Under-fire FA chiefs Greg Clarke and Martin Glenn told their jobs safe

Ben Rumsby
Greg Clarke (left) and Martin Glenn appeared in front of a parliamentary hearing on Wednesday

Football Association chiefs Greg Clarke and Martin Glenn’s jobs were safe on Thursday night, despite a fresh wave of calls for them to resign or be sacked over the Mark Sampson scandal.

Telegraph Sport has learnt that Clarke, the chairman, and Glenn, the chief executive, have retained the full backing of the FA board in the wake of their car-crash appearance at a parliamentary hearing into one of the biggest crises in the organisation’s history.

The board was expected to convene an emergency teleconference on Thursday night to discuss the fallout from the FA’s public humiliation at the hands of Eni Aluko and the Digital, Culture, Media & Sport select committee. But, it is understood that, unless there are any further damning revelations, Clarke, Glenn, Dan Ashworth, the technical director, and Rachel Brace, the human resources director, will all be given the chance to make amends.

Telegraph Sport has also learnt the second instalment of Aluko’s pay-off from the FA is likely to be released to her following Wednesday’s explosive parliamentary hearing, at which she accused Glenn of “blackmail” – something he denied.

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The aftershocks from that hearing were still being felt on Thursday as:

  • The sports minister called on the governing body to learn lessons from the “sorry saga” to ensure public confidence in its processes, while her shadow all but demanded Clarke and Glenn should go.
  • Members of the DCMS select committee queued up to state Clarke, Glenn, Ashworth and Brace should consider their positions.
  • One member branded Glenn’s position “untenable”, another dubbed the FA an “international embarrassment, while others called for the Government to consider imposing an independent regulator on the FA.
  • The chairman of Kick It Out confirmed that he disputed Clarke’s testimony about his own involvement in the fallout from the Aluko affair, raising the threat of the FA chairman being recalled by parliament.

None of this was set to affect the position of Clarke and Glenn, who the FA board still consider the best people to take the organisation forward, as well as acknowledging securing replacements of their calibre would be extremely difficult.

Directors were nevertheless expected to make it clear Clarke, Glenn, Ashworth and Brace did not show enough contrition or humility at  the select committee hearing.

The Government also refused to call for resignations, with sports minister Tracey Crouch saying: “I hope that the FA learns lessons from this whole sorry saga to ensure that all in the sport and the wider public have faith in their processes and procedures.

“We have been clear that we expect world-leading standards of governance from all our national sports governing bodies.”

Eni Aluko, Clarke and Glenn all spoke to the parliamentary hearing on Wednesday

However, Crouch’s shadow, Dr Rosena Allin-Khan, said: “It is clear, the leadership of the Football Association is incapable of dealing with allegations of bullying and racism.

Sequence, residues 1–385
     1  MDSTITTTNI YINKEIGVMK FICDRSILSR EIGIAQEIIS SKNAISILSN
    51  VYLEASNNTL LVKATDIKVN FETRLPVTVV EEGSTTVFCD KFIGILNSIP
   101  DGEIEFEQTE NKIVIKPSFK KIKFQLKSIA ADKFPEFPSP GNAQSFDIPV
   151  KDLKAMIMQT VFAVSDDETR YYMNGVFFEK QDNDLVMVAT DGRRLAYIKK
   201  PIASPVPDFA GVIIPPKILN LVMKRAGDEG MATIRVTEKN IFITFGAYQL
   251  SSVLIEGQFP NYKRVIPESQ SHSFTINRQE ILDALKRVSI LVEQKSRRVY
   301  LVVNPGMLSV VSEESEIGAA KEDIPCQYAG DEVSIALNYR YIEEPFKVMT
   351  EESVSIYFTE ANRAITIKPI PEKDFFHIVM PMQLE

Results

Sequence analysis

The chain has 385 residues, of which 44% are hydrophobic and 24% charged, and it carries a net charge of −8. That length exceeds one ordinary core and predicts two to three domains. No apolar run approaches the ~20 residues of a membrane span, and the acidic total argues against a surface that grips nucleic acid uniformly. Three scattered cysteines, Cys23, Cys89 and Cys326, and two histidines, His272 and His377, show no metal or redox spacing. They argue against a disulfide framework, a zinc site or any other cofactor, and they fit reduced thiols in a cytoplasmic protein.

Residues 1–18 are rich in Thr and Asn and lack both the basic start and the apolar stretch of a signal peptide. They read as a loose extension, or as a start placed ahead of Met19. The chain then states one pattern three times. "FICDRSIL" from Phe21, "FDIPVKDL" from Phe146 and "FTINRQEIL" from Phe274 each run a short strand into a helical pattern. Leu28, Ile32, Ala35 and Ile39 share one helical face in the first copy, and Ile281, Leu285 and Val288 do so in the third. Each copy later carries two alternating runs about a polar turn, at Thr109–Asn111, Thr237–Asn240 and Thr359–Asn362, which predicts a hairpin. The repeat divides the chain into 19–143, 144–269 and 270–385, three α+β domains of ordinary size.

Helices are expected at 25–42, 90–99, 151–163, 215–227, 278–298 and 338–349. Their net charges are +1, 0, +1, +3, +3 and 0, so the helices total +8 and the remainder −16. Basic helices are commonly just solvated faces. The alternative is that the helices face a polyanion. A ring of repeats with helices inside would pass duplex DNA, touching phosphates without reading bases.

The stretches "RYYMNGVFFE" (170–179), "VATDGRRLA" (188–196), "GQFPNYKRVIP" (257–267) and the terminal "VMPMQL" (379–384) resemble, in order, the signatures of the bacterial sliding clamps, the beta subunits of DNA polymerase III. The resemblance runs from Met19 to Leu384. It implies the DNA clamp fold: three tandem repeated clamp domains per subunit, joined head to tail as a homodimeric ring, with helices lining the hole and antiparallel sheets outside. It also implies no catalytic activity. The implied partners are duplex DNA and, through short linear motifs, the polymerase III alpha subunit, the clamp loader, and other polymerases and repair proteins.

“After hearing the evidence put forward and the lack of accountability shown, I have lost confidence in the FA’s leadership team. The senior leadership team at the FA need to have a long, hard look at themselves and the board need to act quickly and decisively to take the FA in a new direction.”

Telegraph Sport spoke to seven members of the the 11-strong DCMS select committee on Thursday, including chairman Damian Collins.

The other six joined him in calling for Clarke, Glenn, Ashworth and Brace to consider their positions.

The SNP’s Brendan O’Hara, who branded their evidence “jaw-droppingly inept” went further, saying: “The reputational damage now is catastrophic and that’s what I was trying to get out of Martin Glenn. I would think his position is untenable.” Labour’s Ian Lucas described their testimony as “a shambles”, adding: “Mr Ashworth and Mr Glenn, in particular, should be looking very closely at their position. I don’t think, yesterday, they gave the impression they thought the position was actually as bad as it is. 

“If they don’t think the position is bad then they are very poor judges and they should really look at their positions.”

Aluko on...

Conservative Julian Knight also used the word “jaw-dropping” about Wednesday’s session, dubbing the FA “an international embarrassment” that was prone to “monumentally poor decision-making”. He also said the Government should explore imposing an Ofcom-style regulator on the governing body, something with which Labour’s Jo Stevens concurred.

“I’m sorry to say that after hearing yesterday’s evidence, I do not think that it is capable of reforming itself,” she said. “It’s like a cat with nine lives; it’s had so many chances and it simply hasn’t happened.”

Kick It Out chairman Lord Ouseley, meanwhile, said Clarke’s testimony that he “went to see Herman Ouseley” to ask him for advice amid the fallout from the Aluko affair was “absolutely wrong”.

“He didn’t come to see me,” Ouseley told Telegraph Sport, confirming that he nevertheless had given advice to the FA. Clarke had also been accused on Wednesday of giving “false” testimony about the Professional Footballers’ Association.

Stevens warned both disputed comments could see him recalled by parliament, while Collins said: “If the PFA and Herman Ouseley are saying that what Greg said is not true then I would certainly want Greg to clarify to us what happened so the evidence we receive is accurate. The threshold in terms of misleading parliament is normally where someone has put a direct question and they’re given an answer they know not to be true. It may be that Greg Clarke was just mistaken in what he said.”

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